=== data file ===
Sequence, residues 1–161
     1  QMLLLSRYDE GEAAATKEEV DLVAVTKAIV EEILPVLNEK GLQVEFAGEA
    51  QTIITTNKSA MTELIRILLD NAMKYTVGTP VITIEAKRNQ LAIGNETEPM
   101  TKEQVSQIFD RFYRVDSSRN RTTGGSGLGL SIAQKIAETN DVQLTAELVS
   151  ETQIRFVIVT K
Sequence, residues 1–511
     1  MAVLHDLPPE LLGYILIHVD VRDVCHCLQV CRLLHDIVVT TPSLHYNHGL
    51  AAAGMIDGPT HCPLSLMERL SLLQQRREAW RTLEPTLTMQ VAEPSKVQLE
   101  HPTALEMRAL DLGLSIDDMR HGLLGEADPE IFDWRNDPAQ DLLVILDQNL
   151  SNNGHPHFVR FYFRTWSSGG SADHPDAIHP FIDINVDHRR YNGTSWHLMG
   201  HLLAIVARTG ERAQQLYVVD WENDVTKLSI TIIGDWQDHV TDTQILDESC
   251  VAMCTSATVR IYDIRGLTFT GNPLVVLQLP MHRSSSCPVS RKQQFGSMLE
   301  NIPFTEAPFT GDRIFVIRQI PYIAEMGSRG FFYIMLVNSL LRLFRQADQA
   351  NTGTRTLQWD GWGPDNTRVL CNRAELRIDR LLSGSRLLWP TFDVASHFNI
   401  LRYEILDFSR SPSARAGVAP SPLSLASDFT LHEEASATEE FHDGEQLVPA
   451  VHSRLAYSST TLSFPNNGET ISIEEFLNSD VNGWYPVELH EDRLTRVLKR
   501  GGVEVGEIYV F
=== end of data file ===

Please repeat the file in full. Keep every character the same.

Sequence, residues 1–161
     1  QMLLLSRYDE GEAAATKEEV DLVAVTKAIV EEILPVLNEK GLQVEFAGEA
    51  QTIITTNKSA MTELIRILLD NAMKYTVGTP VITIEAKRNQ LAIGNETEPM
   101  TKEQVSQIFD RFYRVDSSRN RTTGGSGLGL SIAQKIAETN DVQLTAELVS
   151  ETQIRFVIVT K
Sequence, residues 1–511
     1  MAVLHDLPPE LLGYILIHVD VRDVCHCLQV CRLLHDIVVT TPSLHYNHGL
    51  AAAGMIDGPT HCPLSLMERL SLLQQRREAW RTLEPTLTMQ VAEPSKVQLE
   101  HPTALEMRAL DLGLSIDDMR HGLLGEADPE IFDWRNDPAQ DLLVILDQNL
   151  SNNGHPHFVR FYFRTWSSGG SADHPDAIHP FIDINVDHRR YNGTSWHLMG
   201  HLLAIVARTG ERAQQLYVVD WENDVTKLSI TIIGDWQDHV TDTQILDESC
   251  VAMCTSATVR IYDIRGLTFT GNPLVVLQLP MHRSSSCPVS RKQQFGSMLE
   301  NIPFTEAPFT GDRIFVIRQI PYIAEMGSRG FFYIMLVNSL LRLFRQADQA
   351  NTGTRTLQWD GWGPDNTRVL CNRAELRIDR LLSGSRLLWP TFDVASHFNI
   401  LRYEILDFSR SPSARAGVAP SPLSLASDFT LHEEASATEE FHDGEQLVPA
   451  VHSRLAYSST TLSFPNNGET ISIEEFLNSD VNGWYPVELH EDRLTRVLKR
   501  GGVEVGEIYV F